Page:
Among 184 staff members in the other hard-to-staff positions districtwide, 141 returned to their jobs, or 77 percent, all of them committing early and receiving the higher bonus.
The report doesn’t compare those numbers with previous years’.
Ramie Randles, a math teacher, was at Aurora West Collegiate Prep last year and received the bonus. But, she says, she had already decided to return to the same job this school year even before she learned about the bonus.
“To be honest with you it’s nice to get a little extra, but it’s a very small amount that’s not going to sway me one way or another,” Randles said.
In the second quarter of the school year, she left her job at Aurora West and is now teaching math at North Middle School.
The bonus is offered at both schools, but it wasn’t a factor, she said.
“I just feel like I want to feel valued in a job,” Randles said. “If I’m feeling like I’m happy that affects not just me, it affects my students. It affects my coworkers.”
According to the district, 98.26 percent of those who received a bonus remain in the same position as of this week.
Fill rates, which represent how many of the district’s positions are filled by the start of the school year, show an increase, although often small, among all positions except for school psychologists.
🔗Fill rates over time: Did Aurora have more positions filled at the start of this school year than in the past?
|Secondary math teachers at 20 schools||91.5%||92.6%||93.4%|
|Secondary science teachers at 20 schools||93.5%||93.8%||94.8%|
|Special education teachers at 20 schools||92.6%||89.4%||90.24%|
|Occupational therapists, district-wide||95.4%||80%||96.1%|
|Speech language pathologists, district-wide||75%||81.4%||85.4%|
Another goal of the pilot was to help the district save money by decreasing the use of contract agencies to fill important positions.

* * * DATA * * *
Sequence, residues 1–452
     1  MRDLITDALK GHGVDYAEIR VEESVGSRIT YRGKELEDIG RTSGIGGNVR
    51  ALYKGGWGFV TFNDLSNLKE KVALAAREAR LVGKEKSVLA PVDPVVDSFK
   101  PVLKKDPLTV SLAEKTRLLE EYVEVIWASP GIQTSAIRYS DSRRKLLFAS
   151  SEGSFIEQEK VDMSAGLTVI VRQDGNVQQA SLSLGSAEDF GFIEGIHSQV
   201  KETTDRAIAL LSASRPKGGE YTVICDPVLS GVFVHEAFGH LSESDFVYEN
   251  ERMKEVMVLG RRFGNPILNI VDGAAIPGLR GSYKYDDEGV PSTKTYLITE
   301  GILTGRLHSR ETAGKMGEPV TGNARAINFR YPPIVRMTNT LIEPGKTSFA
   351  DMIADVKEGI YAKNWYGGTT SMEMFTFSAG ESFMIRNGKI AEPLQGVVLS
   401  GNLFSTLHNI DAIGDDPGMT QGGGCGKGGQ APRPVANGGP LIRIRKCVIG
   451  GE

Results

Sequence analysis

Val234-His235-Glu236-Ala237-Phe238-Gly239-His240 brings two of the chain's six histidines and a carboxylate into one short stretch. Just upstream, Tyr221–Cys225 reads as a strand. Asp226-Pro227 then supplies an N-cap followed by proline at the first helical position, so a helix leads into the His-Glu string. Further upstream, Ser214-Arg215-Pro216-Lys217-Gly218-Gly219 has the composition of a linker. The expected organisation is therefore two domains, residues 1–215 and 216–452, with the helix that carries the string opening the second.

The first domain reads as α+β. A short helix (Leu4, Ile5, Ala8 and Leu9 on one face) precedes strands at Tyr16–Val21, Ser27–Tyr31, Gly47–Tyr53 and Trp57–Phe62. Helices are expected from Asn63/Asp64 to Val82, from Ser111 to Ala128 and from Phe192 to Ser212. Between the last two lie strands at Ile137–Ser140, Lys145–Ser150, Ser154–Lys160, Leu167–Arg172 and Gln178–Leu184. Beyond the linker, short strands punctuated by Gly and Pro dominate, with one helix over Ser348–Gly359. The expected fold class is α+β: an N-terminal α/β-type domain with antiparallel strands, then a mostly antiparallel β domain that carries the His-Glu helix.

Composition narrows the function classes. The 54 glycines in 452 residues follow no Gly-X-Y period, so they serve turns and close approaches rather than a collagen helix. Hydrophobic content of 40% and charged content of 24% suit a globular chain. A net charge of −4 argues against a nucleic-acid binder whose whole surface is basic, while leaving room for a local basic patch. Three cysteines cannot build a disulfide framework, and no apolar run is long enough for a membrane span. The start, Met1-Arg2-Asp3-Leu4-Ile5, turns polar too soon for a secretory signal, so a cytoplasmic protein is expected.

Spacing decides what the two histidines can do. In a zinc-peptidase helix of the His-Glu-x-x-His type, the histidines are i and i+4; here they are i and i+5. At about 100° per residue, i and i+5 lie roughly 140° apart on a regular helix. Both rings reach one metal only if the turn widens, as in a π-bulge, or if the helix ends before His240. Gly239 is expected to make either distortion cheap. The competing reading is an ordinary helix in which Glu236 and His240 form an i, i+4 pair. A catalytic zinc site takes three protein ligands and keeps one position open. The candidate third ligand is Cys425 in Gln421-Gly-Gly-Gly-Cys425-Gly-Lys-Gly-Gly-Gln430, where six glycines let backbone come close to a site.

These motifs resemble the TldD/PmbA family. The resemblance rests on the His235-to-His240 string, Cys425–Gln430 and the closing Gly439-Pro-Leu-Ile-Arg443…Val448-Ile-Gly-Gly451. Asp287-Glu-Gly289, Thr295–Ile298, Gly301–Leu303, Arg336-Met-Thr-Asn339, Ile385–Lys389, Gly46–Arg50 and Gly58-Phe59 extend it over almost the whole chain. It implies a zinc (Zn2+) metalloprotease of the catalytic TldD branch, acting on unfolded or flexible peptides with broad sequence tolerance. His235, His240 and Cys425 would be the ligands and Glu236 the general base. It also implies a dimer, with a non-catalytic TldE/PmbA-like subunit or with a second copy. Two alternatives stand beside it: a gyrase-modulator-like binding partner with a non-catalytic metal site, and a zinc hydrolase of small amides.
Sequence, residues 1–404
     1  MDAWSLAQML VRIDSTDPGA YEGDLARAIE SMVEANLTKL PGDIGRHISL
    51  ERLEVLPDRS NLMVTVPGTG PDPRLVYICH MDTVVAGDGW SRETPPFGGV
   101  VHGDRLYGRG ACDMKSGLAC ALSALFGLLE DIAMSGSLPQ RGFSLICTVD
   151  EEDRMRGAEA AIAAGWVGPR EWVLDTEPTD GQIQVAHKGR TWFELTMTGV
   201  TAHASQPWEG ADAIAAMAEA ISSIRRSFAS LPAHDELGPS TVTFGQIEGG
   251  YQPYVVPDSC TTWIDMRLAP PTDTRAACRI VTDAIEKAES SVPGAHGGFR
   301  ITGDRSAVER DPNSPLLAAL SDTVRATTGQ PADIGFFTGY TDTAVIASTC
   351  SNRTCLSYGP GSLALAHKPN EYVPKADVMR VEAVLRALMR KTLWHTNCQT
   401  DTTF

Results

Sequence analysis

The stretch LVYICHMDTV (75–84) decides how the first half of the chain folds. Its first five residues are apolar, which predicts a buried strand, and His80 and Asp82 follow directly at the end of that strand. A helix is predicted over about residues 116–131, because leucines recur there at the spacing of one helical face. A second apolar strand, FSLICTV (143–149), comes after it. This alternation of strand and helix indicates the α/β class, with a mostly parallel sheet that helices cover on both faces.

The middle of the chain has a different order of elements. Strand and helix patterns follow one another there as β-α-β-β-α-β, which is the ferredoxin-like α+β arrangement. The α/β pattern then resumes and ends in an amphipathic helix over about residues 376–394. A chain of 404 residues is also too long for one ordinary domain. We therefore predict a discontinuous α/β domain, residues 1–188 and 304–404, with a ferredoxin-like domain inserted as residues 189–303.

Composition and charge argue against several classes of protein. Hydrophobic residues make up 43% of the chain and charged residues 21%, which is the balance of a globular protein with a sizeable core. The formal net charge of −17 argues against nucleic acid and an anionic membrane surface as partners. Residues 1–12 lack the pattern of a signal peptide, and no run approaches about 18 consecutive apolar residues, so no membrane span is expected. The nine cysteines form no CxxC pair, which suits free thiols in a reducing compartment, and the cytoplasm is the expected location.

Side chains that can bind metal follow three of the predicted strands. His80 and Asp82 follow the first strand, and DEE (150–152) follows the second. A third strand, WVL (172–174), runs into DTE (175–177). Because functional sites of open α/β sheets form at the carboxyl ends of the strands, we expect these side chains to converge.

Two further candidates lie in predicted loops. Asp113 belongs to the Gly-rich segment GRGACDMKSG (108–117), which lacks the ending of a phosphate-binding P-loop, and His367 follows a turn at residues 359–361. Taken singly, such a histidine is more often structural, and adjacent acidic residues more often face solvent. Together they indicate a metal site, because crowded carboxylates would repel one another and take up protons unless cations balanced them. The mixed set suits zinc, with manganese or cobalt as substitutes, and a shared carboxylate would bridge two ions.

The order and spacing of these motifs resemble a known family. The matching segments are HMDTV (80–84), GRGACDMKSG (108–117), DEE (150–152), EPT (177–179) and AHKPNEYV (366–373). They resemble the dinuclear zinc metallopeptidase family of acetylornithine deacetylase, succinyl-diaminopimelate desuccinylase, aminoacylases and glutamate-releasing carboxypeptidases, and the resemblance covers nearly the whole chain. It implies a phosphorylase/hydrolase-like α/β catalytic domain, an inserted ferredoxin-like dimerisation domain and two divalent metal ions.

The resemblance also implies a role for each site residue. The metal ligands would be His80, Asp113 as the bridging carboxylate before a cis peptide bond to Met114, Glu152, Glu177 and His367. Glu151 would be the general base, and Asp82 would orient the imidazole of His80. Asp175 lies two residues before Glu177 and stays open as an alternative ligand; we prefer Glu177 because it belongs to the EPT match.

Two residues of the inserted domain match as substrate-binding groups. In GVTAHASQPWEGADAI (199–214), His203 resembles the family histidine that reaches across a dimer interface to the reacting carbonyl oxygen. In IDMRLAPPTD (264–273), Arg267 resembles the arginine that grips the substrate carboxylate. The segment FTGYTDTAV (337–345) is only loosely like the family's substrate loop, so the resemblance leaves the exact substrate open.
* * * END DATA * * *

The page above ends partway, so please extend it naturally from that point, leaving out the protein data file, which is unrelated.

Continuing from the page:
The report found that compared with last year, fewer positions were filled through contract agencies.
The Aurora district “was one of the few districts in the metro area that did not provide some form of differentiated pay or incentive for hard-to-fill subject areas,” according to the district. As examples, the report cites Cherry Creek, Denver, and Douglas school districts.
Bruce Wilcox, president of Aurora’s teachers union, said the union has “no interest in pay like Denver does.”
He is against the bonus because he disagrees with setting up different pay for people doing the same jobs in different schools, and because he doubts it will have a long- term effect.
“For some, maybe money was enough to lure them in, but will it be enough to lure them in over a period of time?” Wilcox asked. “Money’s nice and every teacher needs it, let’s be honest, but is it enough to make you continue to work if the leadership and culture aren’t there?”
Tuesday, Aurora staff will also present the school board with an update on overall strategies to improve teacher recruitment and retention. Among those strategies: the development of new training for principals, including on how to motivate and retain high-performing employees.
Another report on the pilot incentives will be prepared this fall with final numbers of how many teachers stayed.
Find turnover rates for the pilot, by school, in the district’s report below. Note: The colors in the second column represent a comparison over the prior year with green showing that it is a lower rate than in the past.